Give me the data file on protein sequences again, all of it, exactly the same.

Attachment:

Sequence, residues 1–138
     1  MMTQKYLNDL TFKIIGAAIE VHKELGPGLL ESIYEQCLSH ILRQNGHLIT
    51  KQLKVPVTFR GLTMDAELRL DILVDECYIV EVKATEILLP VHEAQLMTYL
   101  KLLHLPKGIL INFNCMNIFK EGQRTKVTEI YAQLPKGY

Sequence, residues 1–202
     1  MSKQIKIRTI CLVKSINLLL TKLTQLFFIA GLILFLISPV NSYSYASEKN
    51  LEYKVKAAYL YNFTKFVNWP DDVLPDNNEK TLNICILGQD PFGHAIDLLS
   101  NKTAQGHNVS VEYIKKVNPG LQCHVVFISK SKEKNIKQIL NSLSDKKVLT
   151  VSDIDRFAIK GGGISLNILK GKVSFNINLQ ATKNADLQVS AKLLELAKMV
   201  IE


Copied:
Sequence, residues 1–138
     1  MMTQKYLNDL TFKIIGAAIE VHKELGPGLL ESIYEQCLSH ILRQNGHLIT
    51  KQLKVPVTFR GLTMDAELRL DILVDECYIV EVKATEILLP VHEAQLMTYL
   101  KLLHLPKGIL INFNCMNIFK EGQRTKVTEI YAQLPKGY

Sequence, residues 1–202
     1  MSKQIKIRTI CLVKSINLLL TKLTQLFFIA GLILFLISPV NSYSYASEKN
    51  LEYKVKAAYL YNFTKFVNWP DDVLPDNNEK TLNICILGQD PFGHAIDLLS
   101  NKTAQGHNVS VEYIKKVNPG LQCHVVFISK SKEKNIKQIL NSLSDKKVLT
   151  VSDIDRFAIK GGGISLNILK GKVSFNINLQ ATKNADLQVS AKLLELAKMV
   201  IE